In the UK we're now fairly good at recycling everyday items like cereal boxes, glass jars and plastic bottles, but it seems we could all work a bit harder when it comes to furniture.
Research from Kantar paints a really positive picture for general recycling in UK households:
So over half of us try to recycle instead of heading straight for the bin – that’s great news. But things don’t look quite as rosy when we see that of the 50.2% of us who always recycle, just a lowly 2.5% of us have refurbished or renovated old furniture. Looking deeper into the research, we see that people in the UK love to do indoor DIY, they’re always looking to improve their homes and most think they’re good at fixing things.
But, the amount of people refurbishing or renovating furniture is low within those groups too:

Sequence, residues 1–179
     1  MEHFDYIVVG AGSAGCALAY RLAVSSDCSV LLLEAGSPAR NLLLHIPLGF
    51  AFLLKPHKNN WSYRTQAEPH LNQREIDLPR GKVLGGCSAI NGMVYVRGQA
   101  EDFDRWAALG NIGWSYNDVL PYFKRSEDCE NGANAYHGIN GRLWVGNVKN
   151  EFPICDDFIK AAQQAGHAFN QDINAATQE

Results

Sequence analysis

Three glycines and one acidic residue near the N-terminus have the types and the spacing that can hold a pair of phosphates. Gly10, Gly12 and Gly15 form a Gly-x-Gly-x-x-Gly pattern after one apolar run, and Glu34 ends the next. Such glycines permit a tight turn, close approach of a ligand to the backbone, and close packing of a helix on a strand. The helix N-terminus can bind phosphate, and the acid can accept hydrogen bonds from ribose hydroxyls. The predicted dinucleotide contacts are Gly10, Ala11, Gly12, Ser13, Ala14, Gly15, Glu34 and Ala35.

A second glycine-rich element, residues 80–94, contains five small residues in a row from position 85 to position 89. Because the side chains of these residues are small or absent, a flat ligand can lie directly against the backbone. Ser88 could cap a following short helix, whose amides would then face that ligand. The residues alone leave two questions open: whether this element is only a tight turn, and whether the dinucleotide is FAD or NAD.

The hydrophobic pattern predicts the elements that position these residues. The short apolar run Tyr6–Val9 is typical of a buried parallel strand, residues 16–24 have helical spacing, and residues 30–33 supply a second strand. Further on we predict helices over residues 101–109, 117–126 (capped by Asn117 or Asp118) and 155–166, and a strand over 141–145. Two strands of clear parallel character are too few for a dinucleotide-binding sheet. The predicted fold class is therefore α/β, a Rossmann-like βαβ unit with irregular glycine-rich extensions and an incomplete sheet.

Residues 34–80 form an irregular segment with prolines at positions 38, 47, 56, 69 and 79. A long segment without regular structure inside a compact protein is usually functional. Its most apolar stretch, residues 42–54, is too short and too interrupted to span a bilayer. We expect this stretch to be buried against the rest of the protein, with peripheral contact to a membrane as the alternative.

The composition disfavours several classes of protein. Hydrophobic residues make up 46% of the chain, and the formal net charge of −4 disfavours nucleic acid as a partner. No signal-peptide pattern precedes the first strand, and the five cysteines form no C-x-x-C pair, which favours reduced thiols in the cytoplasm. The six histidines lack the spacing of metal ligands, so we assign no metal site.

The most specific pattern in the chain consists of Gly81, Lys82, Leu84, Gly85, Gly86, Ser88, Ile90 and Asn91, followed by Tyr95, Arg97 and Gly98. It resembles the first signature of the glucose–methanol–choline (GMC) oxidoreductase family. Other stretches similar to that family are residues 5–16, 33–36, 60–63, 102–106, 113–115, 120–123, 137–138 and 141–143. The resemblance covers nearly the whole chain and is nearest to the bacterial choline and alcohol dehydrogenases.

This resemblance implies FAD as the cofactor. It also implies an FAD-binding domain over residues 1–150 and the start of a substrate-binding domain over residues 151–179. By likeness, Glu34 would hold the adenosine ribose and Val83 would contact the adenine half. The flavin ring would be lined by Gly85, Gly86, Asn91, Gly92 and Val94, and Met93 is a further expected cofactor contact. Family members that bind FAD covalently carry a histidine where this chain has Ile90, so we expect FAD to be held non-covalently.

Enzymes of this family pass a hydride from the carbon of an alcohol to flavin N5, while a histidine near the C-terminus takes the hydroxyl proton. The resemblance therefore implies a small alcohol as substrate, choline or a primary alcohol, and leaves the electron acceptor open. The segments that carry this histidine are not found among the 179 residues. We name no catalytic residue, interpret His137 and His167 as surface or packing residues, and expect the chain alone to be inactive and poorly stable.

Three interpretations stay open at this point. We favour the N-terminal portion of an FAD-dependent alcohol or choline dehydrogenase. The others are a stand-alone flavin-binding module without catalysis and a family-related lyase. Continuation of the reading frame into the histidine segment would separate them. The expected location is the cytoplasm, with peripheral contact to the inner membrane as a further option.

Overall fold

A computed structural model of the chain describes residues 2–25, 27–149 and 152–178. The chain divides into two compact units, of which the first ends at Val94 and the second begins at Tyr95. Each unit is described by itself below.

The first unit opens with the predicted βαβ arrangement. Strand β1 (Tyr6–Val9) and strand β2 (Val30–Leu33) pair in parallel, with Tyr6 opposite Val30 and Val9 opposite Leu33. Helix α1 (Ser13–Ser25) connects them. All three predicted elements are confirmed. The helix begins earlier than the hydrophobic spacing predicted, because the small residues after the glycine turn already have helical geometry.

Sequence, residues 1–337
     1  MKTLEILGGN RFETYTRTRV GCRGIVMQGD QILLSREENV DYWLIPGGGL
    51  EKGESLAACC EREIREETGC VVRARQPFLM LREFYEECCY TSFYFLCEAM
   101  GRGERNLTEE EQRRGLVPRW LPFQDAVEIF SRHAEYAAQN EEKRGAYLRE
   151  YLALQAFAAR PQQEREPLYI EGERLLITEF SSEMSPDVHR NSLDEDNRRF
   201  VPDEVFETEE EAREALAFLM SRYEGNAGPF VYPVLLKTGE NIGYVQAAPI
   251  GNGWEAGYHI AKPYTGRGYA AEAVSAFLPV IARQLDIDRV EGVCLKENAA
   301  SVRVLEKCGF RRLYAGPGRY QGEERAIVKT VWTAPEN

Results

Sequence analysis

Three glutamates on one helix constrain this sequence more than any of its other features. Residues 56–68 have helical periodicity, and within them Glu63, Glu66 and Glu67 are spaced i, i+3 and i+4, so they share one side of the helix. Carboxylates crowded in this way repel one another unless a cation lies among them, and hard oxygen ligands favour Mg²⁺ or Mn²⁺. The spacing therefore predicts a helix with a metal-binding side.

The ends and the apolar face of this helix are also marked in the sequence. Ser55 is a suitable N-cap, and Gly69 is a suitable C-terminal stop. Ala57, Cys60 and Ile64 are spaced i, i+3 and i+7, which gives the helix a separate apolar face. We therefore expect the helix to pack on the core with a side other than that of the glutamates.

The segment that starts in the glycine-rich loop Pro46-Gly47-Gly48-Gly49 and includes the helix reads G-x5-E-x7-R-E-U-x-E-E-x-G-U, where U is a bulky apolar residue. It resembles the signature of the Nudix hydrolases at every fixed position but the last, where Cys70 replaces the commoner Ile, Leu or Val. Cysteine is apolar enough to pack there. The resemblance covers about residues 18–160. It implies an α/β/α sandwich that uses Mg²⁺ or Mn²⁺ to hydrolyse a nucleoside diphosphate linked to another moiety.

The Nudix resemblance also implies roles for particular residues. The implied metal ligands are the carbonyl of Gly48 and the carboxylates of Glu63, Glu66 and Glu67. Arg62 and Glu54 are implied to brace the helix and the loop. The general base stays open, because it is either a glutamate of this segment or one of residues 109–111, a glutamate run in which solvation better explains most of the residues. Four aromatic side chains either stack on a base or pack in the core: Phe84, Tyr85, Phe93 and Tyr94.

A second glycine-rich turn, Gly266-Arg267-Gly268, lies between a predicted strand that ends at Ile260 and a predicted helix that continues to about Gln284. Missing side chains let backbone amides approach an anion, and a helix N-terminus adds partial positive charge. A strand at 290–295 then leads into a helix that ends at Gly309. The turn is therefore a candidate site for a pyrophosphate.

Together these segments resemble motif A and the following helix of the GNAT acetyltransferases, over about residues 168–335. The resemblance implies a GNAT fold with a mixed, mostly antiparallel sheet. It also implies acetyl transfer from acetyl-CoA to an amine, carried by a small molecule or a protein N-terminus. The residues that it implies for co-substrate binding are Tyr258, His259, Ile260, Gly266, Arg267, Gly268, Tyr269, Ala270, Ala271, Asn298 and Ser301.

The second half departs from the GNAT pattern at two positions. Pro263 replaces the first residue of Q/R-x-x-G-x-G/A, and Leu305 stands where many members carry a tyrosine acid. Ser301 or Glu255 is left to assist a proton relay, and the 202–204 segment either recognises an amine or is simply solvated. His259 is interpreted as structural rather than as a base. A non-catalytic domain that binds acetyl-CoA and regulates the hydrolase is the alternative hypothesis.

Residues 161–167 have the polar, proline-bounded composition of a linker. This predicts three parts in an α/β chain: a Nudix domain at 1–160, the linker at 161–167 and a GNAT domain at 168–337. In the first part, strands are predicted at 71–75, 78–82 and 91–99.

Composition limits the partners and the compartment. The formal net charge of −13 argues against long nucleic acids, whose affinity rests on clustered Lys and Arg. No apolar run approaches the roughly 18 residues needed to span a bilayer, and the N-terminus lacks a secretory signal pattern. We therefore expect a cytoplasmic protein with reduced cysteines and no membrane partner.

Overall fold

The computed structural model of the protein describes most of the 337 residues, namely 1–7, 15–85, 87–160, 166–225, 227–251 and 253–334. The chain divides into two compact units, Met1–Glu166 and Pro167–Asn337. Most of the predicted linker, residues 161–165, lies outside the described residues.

So why are these numbers so low?
We know people in the UK love DIY – there are countless TV shows and magazines dedicated to the topic – so why do we seem to steer clear of reusing or renovating older furniture? Maybe it’s seen as a bigger job than wallpapering or painting? Something that requires a specialist set of skills or tools? That can certainly be the case with some of the reupholstery work we undertake – deep buttoning and rebuilding springs in an old sofa can be a lengthy job, but just like building a piece of new furniture, you can do it with the right instruction.
Refurbish and renovate more = throw away less
At Plumbs, we’d like to see more people have a go at skills like reupholstery and refurbishment; it means we can put less old furniture in landfill and make some really great pieces at the same time. Our team are putting a video together to show you the reupholstery process from start to finish and you can expect to see this live on our site very soon. We’ll link to it from this post as soon as it’s complete.
Together we can try and improve these figures, perhaps even taking the low, single figure percentages into double figures!
We'll go through our fabric collections and offer advice on colour and designs. There's no pressure to buy anything.